Social Skills: Reacting to Setbacks
REACTING TO SETBACKS
When things go wrong, some children and adolescents have a hard time recovering and moving on with their day. Some react very strongly, getting upset and causing others to feel uncomfortable. This handout was developed to help these children and adolescents learn how to recognize their difficulties and respond in a more effective manner.
Problems come in different sizes.
Our goal is for the size of our reaction to match the size of the problem.
These are issues that are brief, minor everyday occurrences like losing a game, making a mistake, wearing something you dislike, or being paired with a classmate you don’t like. These types of things may be annoying, they may make you unhappy, or they may be irritating. When a small problem occurs, it is not appropriate to have a tantrum, yell at others, destroy things, or say hurtful things to others. You should keep negative thoughts to yourself and decide to remain calm, rather than becoming upset.
These are issues you may need some help with, like losing your keys, someone being mean to you, or having a minor injury. When there is a medium problem, people often need help from others to intervene or help the situation. Emotionally, they may feel stressed, sad, upset, or angry, but this should improve once the problem is resolved.
These are issues that you need immediate help with, like going to the hospital, being in a car accident, or your house burning down. People with big problems are expected to feel overwhelmed and to need help from others for a while, maybe days, weeks, or months. People with big problems may be angry, they may cry, and they may feel very high levels of stress and upsetting feelings.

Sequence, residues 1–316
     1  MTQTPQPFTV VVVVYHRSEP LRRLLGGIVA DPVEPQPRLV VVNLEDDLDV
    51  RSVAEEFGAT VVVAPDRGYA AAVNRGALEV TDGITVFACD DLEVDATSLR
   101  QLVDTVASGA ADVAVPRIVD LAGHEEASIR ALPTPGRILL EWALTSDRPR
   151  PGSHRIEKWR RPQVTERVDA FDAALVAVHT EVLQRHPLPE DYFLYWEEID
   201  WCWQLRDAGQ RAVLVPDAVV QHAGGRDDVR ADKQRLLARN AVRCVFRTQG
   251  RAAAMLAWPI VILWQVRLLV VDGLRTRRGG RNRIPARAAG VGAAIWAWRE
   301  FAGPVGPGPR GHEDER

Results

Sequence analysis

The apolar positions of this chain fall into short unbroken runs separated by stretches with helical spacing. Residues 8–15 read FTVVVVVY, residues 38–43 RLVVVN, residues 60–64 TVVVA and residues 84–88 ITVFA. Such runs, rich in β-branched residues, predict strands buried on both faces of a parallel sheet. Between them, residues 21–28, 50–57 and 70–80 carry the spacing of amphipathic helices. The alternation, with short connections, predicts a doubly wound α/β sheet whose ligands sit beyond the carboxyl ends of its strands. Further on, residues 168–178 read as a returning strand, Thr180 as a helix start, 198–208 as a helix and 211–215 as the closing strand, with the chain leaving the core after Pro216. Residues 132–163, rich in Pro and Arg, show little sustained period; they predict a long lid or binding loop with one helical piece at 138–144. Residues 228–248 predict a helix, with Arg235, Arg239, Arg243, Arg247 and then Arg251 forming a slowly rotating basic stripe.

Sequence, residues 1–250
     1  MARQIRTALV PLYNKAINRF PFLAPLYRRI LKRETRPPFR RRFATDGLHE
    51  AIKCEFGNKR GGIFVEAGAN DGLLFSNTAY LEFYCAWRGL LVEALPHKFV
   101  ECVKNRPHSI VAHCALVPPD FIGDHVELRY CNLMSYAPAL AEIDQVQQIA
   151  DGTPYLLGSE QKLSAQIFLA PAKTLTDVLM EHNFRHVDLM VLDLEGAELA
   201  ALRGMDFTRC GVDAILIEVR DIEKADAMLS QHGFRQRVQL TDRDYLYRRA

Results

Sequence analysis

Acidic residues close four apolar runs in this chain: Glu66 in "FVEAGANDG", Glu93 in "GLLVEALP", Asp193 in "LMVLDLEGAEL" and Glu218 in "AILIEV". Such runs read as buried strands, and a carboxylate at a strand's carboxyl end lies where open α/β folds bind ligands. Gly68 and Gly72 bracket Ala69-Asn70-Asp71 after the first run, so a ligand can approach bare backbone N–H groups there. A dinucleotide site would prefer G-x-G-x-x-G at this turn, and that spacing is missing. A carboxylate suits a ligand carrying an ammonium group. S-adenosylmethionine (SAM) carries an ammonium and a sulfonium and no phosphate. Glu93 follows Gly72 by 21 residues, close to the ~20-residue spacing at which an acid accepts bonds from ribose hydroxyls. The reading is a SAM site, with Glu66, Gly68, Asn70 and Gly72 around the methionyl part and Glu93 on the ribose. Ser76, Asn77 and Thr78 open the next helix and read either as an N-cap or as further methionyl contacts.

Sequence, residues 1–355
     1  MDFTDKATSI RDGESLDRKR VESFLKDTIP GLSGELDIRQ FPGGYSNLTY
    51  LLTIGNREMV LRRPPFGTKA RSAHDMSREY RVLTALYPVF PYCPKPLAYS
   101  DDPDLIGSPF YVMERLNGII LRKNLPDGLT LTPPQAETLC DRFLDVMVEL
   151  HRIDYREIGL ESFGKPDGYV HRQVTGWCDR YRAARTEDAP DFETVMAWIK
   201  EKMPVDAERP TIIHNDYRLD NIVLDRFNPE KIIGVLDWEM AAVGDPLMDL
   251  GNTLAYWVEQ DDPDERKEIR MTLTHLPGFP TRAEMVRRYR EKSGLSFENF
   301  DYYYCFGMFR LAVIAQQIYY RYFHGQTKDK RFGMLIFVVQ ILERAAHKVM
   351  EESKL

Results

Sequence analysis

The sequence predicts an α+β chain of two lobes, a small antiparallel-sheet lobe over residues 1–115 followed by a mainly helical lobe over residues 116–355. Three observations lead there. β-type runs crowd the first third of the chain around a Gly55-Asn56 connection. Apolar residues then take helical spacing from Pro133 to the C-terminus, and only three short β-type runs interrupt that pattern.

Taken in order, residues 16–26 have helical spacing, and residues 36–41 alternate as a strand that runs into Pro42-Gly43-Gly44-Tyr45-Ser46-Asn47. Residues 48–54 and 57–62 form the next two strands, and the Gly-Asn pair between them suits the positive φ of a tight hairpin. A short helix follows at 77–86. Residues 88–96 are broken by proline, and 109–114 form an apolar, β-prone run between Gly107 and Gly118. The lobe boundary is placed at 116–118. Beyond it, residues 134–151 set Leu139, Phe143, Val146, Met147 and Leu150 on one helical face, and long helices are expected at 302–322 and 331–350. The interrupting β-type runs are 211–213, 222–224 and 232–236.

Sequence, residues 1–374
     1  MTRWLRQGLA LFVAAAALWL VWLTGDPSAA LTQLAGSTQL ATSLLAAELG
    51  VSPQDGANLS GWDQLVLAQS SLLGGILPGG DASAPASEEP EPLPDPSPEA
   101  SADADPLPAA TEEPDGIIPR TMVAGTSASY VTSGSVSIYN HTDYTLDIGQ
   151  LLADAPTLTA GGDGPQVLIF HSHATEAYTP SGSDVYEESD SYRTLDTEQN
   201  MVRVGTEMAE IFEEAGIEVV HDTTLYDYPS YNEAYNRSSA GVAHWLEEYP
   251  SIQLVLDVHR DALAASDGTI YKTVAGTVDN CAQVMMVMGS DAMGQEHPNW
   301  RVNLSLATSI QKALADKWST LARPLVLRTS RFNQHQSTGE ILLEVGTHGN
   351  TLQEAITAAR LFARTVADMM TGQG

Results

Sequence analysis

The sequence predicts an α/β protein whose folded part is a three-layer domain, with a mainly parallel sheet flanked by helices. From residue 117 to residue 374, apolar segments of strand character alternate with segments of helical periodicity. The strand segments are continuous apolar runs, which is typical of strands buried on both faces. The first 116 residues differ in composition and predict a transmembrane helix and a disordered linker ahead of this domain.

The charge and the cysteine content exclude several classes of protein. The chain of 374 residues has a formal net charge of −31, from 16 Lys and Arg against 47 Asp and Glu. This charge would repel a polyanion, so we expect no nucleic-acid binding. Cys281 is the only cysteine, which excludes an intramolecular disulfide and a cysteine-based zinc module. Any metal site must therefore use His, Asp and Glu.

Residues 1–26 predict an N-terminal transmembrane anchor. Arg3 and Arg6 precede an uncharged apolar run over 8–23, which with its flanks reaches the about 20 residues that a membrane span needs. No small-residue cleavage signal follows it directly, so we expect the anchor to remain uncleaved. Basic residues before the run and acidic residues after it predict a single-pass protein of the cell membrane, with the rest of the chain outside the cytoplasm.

It’s okay to feel bothered by setbacks but it’s not okay to overreact. When you experience a setback, take a moment to figure out whether it’s a small problem, medium problem, or big problem. Ask yourself, “Does the size of my reaction match the size of my problem?” Read this to yourself:
“When the size of my reaction doesn’t match the size of the problem,
it causes others to have uncomfortable thoughts about me.
That means they may not want to be around me next time.
When the size of my reaction matches the size of my problem,
this keeps people around me feeling calm and feeling good about being with me.”
Practice categorizing the things that go wrong throughout the day into groups of small problems, medium problems, and big problems. The better you get at recognizing the size of your problems, the better you will be at responding appropriately.
You can improve your ability to react to setbacks by practicing stress/anger relief strategies such as progressive muscle relaxation, deep breathing, positive affirmations, seeking help from someone, and taking a break.
If you're interested in working on this skill directly, or any other social skill or coping skill,
contact us for an appointment today!